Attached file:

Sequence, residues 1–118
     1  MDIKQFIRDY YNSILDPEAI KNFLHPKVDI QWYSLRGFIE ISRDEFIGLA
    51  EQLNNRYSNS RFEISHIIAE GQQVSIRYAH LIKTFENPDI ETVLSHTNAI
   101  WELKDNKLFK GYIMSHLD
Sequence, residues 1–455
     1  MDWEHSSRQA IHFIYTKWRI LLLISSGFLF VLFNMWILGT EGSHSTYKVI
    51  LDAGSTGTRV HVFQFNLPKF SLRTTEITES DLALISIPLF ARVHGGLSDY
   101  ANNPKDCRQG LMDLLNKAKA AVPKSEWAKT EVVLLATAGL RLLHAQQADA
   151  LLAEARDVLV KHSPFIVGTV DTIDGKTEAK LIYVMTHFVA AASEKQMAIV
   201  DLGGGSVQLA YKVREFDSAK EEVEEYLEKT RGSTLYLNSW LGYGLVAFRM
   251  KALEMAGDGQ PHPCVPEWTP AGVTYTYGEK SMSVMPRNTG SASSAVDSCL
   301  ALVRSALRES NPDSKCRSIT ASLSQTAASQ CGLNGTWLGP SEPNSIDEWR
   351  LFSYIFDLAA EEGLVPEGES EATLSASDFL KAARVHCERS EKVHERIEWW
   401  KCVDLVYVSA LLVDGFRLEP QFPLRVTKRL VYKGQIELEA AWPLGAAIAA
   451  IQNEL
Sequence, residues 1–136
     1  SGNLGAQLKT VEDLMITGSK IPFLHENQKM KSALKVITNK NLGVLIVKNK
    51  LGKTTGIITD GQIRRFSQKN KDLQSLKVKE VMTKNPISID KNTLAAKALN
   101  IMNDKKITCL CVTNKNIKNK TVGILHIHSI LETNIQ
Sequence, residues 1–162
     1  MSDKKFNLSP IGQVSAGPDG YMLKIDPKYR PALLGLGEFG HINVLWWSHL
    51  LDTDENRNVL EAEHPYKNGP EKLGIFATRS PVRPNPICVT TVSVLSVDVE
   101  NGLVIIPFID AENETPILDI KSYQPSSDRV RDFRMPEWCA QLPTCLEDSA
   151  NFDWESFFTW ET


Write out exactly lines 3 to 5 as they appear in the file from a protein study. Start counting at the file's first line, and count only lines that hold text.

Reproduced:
    51  EQLNNRYSNS RFEISHIIAE GQQVSIRYAH LIKTFENPDI ETVLSHTNAI
   101  WELKDNKLFK GYIMSHLD
Sequence, residues 1–455